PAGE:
Oil prices have become hostages of speculation
Today oil market behaves irrationally and dominant players take advantage of it. I simply do not understand why media and many oil market analysts blame on market fundamentals for the increases in the oil prices again. It is in fact mostly speculators to be blamed. I still haven’t changed my position on that (see my previous post oil prices and speculator (2005), here (2006), here (2008), and also here, and here).
Moreover, every time when market fundamentals are not convincing, Energy Information Administration of the US Department of Energy and the International Energy Agency become more paranoid about supply and repeat their call on OPEC to increase its production and spare capacity. The facts, however, contradict with their claim.
When OPEC increased oil production the market fundamentalists this time argued that it is heavier and sour crude, which is not a remedy to bring down the price of light, sweet crude. Why should OPEC invest billions of dollars to create extra capacity anyway? Instead, OPEC tries to send (often mixed) signals to futures market in an attempt to change the course of direction. What OPEC could do in order to get out of the blame game is to suspend production limits, to which its members do not obey anyway.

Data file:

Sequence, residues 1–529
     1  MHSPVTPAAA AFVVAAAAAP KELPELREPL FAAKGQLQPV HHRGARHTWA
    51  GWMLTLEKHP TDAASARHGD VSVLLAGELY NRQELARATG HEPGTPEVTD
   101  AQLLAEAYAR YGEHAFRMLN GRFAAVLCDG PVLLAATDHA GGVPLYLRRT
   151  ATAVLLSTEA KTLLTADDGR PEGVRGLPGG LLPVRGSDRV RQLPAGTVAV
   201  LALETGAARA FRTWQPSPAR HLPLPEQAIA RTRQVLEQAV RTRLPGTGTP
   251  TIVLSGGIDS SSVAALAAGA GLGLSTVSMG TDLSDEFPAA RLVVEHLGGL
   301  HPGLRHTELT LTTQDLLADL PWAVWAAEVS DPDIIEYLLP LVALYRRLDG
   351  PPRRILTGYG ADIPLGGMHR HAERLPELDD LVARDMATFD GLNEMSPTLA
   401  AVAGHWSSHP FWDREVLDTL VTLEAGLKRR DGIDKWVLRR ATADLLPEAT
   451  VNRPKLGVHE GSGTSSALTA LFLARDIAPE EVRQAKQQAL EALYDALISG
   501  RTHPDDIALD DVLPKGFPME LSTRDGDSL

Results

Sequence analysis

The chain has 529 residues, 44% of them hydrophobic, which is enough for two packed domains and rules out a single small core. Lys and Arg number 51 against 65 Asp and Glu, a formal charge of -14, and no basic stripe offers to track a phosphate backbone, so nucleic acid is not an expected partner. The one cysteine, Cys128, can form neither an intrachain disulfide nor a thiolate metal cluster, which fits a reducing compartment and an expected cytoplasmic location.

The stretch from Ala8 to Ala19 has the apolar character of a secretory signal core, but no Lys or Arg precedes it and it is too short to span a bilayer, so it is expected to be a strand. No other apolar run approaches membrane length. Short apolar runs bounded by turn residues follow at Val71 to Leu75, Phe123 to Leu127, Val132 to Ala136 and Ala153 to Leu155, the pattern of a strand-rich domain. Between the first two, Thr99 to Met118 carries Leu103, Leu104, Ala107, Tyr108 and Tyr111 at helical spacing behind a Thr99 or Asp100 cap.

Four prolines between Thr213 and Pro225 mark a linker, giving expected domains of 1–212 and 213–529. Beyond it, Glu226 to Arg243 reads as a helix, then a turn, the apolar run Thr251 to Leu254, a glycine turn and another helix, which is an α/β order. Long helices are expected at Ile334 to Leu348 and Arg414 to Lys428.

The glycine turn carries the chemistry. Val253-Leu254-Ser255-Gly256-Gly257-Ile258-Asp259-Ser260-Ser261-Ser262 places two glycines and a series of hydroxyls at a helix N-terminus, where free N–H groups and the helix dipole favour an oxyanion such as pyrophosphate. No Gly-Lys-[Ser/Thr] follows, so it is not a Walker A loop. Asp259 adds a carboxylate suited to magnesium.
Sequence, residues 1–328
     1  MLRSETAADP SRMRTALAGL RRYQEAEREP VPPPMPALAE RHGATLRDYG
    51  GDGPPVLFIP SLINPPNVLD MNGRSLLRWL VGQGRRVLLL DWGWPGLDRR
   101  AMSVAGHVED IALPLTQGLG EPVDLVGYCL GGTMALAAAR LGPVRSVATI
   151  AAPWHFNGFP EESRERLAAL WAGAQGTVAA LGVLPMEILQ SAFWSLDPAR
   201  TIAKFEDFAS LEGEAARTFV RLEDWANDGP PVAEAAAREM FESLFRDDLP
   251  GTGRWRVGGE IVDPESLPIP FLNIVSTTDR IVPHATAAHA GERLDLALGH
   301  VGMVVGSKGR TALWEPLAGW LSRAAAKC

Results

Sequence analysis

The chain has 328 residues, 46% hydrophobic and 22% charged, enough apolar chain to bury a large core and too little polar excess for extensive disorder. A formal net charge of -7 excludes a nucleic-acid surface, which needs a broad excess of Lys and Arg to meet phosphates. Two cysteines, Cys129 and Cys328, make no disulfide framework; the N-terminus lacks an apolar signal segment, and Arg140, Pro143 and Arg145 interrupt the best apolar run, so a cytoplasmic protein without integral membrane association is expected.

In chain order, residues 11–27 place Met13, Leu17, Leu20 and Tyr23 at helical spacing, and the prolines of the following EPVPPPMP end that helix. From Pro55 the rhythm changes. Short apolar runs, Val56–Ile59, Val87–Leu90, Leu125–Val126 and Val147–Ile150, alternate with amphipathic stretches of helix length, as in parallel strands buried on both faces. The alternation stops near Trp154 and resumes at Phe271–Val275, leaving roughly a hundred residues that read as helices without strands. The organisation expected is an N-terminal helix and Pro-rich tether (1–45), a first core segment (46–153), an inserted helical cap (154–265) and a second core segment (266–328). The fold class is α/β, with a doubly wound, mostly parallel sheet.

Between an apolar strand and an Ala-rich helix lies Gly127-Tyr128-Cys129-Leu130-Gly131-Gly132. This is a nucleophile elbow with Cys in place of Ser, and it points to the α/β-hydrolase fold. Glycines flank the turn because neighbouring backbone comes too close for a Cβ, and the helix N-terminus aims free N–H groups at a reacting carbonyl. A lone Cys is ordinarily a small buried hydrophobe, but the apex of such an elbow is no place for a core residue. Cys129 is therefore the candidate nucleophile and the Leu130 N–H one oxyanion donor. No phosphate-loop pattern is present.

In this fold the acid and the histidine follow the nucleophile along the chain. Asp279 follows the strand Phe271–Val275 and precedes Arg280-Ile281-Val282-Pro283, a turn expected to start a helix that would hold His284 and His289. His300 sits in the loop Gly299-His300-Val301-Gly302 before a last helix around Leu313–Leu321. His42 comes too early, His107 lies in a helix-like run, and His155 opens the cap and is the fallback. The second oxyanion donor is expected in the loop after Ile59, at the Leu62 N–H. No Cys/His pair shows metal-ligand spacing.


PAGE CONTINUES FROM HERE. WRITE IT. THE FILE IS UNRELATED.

Speculators have fallen in love with oil
In the past, big consumers and producers were affecting the price behavior. Today, speculators mostly drive prices away from fundamentals, which have become disconnected from fundamentals. Thanks to the invisible hand of casino capitalism and globalization, trillions of speculative dollars change hand each day worldwide, looking for lucrative returns in the world markets. This influx of large speculative trading injects volatility into global markets. Since speculators make money by betting on prices they love volatility.
In practice, very insignificant number of contracts on NYMEX and ICE result in physical delivery. Instead contracts are liquidated with offsets. Therefore the role of futures market as a hedging mechanism is largely not correct anymore.
The price of oil is set by traders’ assessment of current and future factors that affect supply and demand of, not physical barrels, but paper barrels trading on the very liquid oil futures exchanges, mainly in New York and London, as well as off-exchange in exempt commercial and Over-the-Counter markets offering the world’s leading oil benchmarks.
There are two types of players in the world paper oil market: Commercials and non-commercials. However, the distinction between commercial and non-commercial transactions is not clear anymore.
As there is no supply constraint in paper barrel market, trading in paper barrels has grown significantly since 2000. Take the average number of contracts traded daily and then divide the corresponding barrel equivalent to daily world oil production. I don’t want to go into the technicalities here but I just tell you that the amount of paper barrels traded daily is more than 15 times of the world’s daily oil production. And yet this is without taking into account of the OTC markets. (God knows how much oil is traded in there.)